Play Live Radio
Next Up:
0:00 0:00
Available On Air Stations

After Senate Apologizes To Dozier Victims, Will It Now Take Up House Bill Creating Memorials?

Former wards of the Dozier School at the Florida Capitol for the Florida Senate's formal apology Wednesday
The Florida Channel
Leon County Judge John Cooper on June 30, 2022, in a screen grab from The Florida Channel.

Last week, the Florida House formally apologized to the former wards of two now-closed reform schools for the abuse they say they suffered. Now, the Florida Senate is now doing the same.

“It begins with an apology, and I apologize,” said Florida Agriculture Commissioner Adam Putnam, apologizing to former wards of the Dozier School for Boys during a Florida Cabinet meeting last year.

The now-grown men who went to North Florida reform school as juveniles in the 1950s and 1960s say they suffered severe beatings and sexual abuse at the hands of staffers.

It took nearly a decade to bring this issue to light, and Putnam was instrumental in helping bring this issue to the Cabinet in recent years.

“And, I don’t think it takes an act of the legislature to say what needs saying, which is ‘I’m very sorry for what these men and these generations of men endured while wards of the state.’ It was unconscionable,” he added.

But, the Florida legislature did decide to act this year. Last week, the Florida House formally apologized to the victims of Dozier as well as those who say they suffered similar abuses at its sister campus in Okeechobee. House Speaker Richard Corcoran has made this one of his priorities this year.

“And, I think what we’re doing is a good solid minimum first step [with] the resolution to apologize on behalf of the legislature,” said Corcoran, during a press conference earlier this month. I cannot say with enough heartfelt remorse that it’s taken this long for our legislature with all the evidence that’s before us to come forth and apologize for what has to be one of the blackest moments on our state’s history, and as much as we apologize for the grave injustice that was done to these now men, but young children, we hope that there will be some degree of healing and closure that can take place, knowing that it’s being recognized. But, the most important part is that if never happens again to anybody else at any time in our state’s history.”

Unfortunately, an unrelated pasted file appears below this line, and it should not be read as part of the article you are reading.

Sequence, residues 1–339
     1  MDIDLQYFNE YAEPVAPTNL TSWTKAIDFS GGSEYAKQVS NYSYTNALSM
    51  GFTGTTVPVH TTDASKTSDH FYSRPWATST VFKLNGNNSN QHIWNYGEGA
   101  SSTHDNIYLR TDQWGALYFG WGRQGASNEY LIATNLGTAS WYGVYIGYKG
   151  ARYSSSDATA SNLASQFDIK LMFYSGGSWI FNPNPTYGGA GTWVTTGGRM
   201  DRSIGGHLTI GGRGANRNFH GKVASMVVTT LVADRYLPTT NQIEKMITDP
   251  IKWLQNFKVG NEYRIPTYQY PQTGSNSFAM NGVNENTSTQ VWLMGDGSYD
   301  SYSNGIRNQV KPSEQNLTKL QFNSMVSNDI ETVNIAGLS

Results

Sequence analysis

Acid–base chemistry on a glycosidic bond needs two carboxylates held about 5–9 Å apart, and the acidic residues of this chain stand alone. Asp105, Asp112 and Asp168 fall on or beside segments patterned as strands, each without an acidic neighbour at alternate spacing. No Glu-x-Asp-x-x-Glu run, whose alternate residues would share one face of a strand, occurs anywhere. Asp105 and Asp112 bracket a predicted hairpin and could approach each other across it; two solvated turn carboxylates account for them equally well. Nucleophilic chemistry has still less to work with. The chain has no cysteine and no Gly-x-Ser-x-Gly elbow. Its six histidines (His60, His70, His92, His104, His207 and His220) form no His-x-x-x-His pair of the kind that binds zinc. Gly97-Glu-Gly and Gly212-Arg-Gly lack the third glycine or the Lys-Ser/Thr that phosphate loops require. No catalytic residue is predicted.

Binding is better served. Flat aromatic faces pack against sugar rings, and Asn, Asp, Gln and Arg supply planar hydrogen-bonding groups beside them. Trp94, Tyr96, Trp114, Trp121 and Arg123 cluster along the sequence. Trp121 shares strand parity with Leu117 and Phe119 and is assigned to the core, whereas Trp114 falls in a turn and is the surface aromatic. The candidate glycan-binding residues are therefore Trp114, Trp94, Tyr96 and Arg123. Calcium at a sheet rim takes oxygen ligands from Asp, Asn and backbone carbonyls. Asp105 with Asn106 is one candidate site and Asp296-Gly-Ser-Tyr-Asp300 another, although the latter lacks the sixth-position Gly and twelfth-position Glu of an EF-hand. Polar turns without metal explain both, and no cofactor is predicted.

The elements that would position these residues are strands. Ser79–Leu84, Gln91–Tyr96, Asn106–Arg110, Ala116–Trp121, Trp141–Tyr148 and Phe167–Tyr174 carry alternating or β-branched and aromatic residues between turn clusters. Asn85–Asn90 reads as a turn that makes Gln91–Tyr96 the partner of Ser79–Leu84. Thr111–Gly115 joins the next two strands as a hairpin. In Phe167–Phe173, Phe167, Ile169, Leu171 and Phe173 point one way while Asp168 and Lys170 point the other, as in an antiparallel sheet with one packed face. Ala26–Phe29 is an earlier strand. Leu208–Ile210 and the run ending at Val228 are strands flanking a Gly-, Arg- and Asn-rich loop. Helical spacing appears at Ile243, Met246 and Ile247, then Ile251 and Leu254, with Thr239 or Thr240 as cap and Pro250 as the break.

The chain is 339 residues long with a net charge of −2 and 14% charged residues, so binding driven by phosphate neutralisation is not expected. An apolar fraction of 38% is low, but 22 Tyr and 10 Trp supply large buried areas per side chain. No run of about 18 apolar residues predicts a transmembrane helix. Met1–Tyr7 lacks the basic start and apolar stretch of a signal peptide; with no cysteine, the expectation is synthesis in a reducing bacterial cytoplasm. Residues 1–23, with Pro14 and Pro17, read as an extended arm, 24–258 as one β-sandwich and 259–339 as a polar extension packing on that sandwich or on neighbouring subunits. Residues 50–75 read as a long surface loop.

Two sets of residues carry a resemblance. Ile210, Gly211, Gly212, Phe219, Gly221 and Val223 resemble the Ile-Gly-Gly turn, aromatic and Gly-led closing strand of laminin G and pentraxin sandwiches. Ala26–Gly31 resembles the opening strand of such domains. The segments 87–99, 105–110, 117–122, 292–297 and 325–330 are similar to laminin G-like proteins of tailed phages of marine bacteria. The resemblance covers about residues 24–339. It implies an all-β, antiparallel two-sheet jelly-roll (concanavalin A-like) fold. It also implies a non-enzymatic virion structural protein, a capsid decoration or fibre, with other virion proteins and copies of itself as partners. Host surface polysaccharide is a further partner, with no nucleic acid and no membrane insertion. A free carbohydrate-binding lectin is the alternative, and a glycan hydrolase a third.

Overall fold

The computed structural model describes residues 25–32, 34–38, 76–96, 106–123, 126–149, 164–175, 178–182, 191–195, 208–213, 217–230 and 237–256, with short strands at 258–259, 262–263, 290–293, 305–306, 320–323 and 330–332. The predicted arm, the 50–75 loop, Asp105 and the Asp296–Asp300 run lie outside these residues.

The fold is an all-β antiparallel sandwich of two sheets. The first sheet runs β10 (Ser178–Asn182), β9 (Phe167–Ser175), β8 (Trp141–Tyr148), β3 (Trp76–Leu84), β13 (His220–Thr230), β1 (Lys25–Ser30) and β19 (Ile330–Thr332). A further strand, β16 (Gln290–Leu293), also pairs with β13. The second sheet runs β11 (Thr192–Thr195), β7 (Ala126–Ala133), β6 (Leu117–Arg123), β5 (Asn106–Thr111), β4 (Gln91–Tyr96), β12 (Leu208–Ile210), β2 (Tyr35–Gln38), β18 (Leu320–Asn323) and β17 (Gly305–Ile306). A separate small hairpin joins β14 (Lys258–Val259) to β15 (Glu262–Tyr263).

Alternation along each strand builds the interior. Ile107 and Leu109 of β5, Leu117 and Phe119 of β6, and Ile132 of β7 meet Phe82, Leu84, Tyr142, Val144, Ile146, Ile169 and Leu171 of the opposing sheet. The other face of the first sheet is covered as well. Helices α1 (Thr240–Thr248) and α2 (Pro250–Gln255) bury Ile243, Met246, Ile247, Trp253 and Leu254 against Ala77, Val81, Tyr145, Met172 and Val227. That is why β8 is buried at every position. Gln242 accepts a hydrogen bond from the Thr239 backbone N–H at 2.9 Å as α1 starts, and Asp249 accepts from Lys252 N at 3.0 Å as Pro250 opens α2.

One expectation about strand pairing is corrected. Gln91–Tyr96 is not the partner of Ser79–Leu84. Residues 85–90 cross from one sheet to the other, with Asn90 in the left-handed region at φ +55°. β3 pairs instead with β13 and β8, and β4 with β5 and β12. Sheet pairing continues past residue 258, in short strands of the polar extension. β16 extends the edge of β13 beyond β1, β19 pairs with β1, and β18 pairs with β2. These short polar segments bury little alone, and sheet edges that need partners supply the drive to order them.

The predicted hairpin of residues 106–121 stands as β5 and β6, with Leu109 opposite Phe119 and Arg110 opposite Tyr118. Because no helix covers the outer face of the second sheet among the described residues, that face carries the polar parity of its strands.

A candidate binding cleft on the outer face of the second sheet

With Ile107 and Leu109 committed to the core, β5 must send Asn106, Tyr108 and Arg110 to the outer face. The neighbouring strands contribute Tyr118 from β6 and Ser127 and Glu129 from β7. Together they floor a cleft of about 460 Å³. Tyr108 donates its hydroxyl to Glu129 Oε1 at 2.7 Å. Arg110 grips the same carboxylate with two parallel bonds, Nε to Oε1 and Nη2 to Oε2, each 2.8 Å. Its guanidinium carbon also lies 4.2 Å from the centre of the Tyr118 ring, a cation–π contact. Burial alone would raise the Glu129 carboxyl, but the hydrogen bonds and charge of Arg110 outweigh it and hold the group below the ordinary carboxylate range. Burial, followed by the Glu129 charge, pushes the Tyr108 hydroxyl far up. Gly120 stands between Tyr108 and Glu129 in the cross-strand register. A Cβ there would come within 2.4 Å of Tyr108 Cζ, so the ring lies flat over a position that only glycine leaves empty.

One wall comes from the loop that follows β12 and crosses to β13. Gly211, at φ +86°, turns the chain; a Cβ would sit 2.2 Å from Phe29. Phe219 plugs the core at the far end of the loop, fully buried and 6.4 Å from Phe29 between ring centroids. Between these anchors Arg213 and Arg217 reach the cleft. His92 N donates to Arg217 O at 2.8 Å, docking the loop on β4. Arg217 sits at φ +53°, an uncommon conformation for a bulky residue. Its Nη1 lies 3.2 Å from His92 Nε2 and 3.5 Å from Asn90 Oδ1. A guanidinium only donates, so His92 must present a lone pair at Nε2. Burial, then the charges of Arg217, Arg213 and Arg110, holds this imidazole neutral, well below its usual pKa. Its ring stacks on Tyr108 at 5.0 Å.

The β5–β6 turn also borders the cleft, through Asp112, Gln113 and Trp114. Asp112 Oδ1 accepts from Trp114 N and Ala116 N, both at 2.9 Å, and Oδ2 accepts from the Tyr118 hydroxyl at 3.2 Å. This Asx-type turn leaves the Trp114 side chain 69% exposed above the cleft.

And, Wednesday, the Florida Senate followed suit with an apology of its own. As with the House resolution, Dozier survivors and their families watched from the Senate gallery as  Sen. Darryl Rouson (D-St. Petersburg) read the apology

“This resolution declares that the Senate regrets the treatment of children at the Dozier School for Boys, that it was cruel, unjust, and a violation of human decency, and acknowledges this shameful past in our state’s history,” he stated. “This resolution on behalf of the Senate apologizes to these men, yet living, to the boys known and unknown in their remains, we say to you, ‘we apologize, we are sorry.’”

The reform schools’ survivors were also individually recognized, and after all the Senators signed on to co-sponsor the apology expressing their regret, they gave a standing ovation.

Meanwhile, the House has passed a bill which includes memorials in Tallahassee and Marianna for the boys believed to have died from the abuse and were buried in unmarked graves on the grounds. Through DNA matches, University of South Florida researchers led by Erin Kimmerle in recent years helped reunite some of the 55 remains they unearthed with the boys’ descendants.

Many of the Dozier survivors, including Jerry Cooper, also helped to get that bill passed. Cooper is the head of the so-called White House Boys—named for the building where former wards say a lot of the abuse occurred.

“A lot of the men, the White House Boys, a lot of them have passed over the last three to four years,” he said. “I hope this closure comes as quickly as it can because like I said, we don’t have that kind of time.”

Kim Case with Holland and Knight has helped represent the White House Boys through this legislative process. She says with no Senate companion, she’s working to see if the Senate will take up the House memorial bill—expected to cost $1.5 million.

For more news updates, follow Sascha Cordner on Twitter: @SaschaCordner .

Copyright 2020 WFSU. To see more, visit WFSU.